Building fast cover, which is one of the most important skills in Fortnite, can be used defensively and offensively. If you are out in the open and an enemy begins firing at you, quickly build walls and ramps for cover (Wood should also always be used for this). Something important to note is that although wood panels have a 5 second build time, during the build time there is a blue indicator for the panel that will immediately obstruct your enemy’s vision. This obstruction of vision is often more important than the finished panel itself, as you will have moved to a new location before the five second build time is over.

Ramps can be used either offensively or defensively. Building a ramp to run into the second floor of a building can often save your life as well as preserve precious materials because you will not have to build more panels to use for cover. Ramps are often used as an offensive tool as well. If you are moving out in the open and encounter an enemy, quickly build a ramp. Moving to the top of the ramp allows you to peek over with your medium to long range weapons and take cover when needed.

A slightly more advanced form of building is combining multiple panels to form structures. There are many different sizes of structures players use. The most basic structure is known as a 1×1 structure. This is made by building 4 walls with a roof or ramp panel in the center. Most often used when out in the open, this structure provides 360-degree protection, with the roof or ramp panel allowing the player to peek over the sides. The 1×1 structure is the most basic of examples and there are many more advanced patterns that can be found online. These more advanced structures are primarily used in the mid and late game, where players build extremely high towers in the ever-important battle for high ground.

The Fortnite Beginner’s Guide to The Early Game

Fortnite glider

Fortnite has three different phases, early, mid, and late game. The early game is generally viewed as the time from when you first drop into the map until after the first storm circle closes. Knowing where to drop is the most important part of the early game. The named areas of the map have better loot and thus attract more players. If you’re a beginner, it’s best to avoid these areas and drop on a hilltop somewhere in a remote area that is away from the path of the bus. This way you can avoid firefights and practice building until you have a few games under your belt.

When you are ready to land in the more populated areas and go for better loot, it is important to start memorizing where the loot chests are. Chests are often in the attics of buildings, which can be found by listening for their shimmering sound effect. If you drop into an area with buildings at the start of the game, you should always land on the roof and break through with your pickaxe in hopes of finding a chest. If you are lucky, you may get a good weapon at the start and get an easy kill on another player who has not yet had a chance to loot anything. You can also reach attics in other houses by destroying ceilings and building a ramp. However, you must be careful to not destroy the ceiling the crate is resting on, or the crate will be destroyed as well. If you loot a chest with a shield potion right after landing and hear another player, consume the shield potion as fast as possible before engaging. The extra health will give you a considerable advantage. Most important in the early game, but important throughout all stages, is to always be active. You should always be looking for loot, planning your most efficient path, and checking around for enemies, never move around without purpose or using materials when unnecessary.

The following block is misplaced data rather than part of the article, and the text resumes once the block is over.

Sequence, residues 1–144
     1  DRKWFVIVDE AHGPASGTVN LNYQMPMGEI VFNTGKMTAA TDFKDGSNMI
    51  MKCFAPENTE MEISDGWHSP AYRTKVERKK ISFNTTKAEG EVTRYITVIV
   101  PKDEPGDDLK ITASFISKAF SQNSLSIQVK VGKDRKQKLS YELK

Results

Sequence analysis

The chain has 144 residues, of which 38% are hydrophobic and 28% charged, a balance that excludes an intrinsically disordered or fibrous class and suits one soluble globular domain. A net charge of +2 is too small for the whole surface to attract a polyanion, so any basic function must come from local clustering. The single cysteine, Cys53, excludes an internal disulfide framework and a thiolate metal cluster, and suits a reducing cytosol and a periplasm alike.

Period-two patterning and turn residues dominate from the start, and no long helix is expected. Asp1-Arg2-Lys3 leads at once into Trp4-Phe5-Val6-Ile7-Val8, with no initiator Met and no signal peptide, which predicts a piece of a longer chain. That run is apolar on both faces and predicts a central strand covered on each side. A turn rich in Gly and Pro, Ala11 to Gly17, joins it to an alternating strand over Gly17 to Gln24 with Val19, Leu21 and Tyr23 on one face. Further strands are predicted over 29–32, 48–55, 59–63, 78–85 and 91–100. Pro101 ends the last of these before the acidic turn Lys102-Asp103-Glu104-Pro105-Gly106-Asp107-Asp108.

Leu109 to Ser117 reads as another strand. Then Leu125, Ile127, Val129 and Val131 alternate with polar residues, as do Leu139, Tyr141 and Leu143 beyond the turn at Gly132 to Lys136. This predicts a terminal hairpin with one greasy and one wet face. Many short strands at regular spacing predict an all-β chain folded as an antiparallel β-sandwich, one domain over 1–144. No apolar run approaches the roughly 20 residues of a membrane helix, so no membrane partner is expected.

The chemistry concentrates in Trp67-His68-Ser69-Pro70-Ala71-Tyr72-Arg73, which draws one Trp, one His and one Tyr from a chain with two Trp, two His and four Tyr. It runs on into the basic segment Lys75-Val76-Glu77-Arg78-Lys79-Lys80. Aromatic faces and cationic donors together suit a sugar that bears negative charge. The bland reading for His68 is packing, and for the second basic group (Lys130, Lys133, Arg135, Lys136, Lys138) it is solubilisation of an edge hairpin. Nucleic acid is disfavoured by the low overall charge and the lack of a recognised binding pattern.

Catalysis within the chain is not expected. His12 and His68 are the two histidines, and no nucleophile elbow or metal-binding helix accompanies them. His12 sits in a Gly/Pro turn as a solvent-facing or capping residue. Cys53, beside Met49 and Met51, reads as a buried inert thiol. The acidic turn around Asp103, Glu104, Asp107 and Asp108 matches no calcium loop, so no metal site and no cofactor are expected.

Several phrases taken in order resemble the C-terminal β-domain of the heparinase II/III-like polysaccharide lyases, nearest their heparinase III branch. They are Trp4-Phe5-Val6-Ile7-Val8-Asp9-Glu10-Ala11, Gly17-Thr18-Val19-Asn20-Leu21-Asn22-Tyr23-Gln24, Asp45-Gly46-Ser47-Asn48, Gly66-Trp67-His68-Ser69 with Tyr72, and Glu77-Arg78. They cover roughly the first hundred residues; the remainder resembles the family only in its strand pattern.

The Fortnite Beginner’s Guide to The Mid Game


After the first circle closes, we head into the mid-game. In the mid-game any remaining players will probably have a decent inventory of weapons and shields, so be ready for a fight. It’s important to have a balanced inventory at this point. A balanced inventory consists of a shotgun for short range, an assault rifle for medium range, and a sniper rifle or assault rifle with a scope for long range, as well as some consumables.

It is also important for the mid and late game to play around the enclosing storm properly. If you are in between the safe zone (The safe zone being the center circle) and the enclosing storm, you can use the storm as protection from behind. Try to move towards the safe zone as the storm closes in. However, it is possible that some players in the storm will fire upon you, so don’t treat the storm as complete protection. If you are already in the safe zone as the circle starts to close, take or build some cover and try to pick off any players moving in. These players will be caught between having to stop and return fire, risking damage from the storm, or continuing to run and being unable to fight back. This advantage should most often net you an easy kill. Also, be sure to farm some stone and metal when the coast is clear, as you will need these materials for your fort in the late game.

The Fortnite Beginner’s Guide to The Late Game

Fortnite female character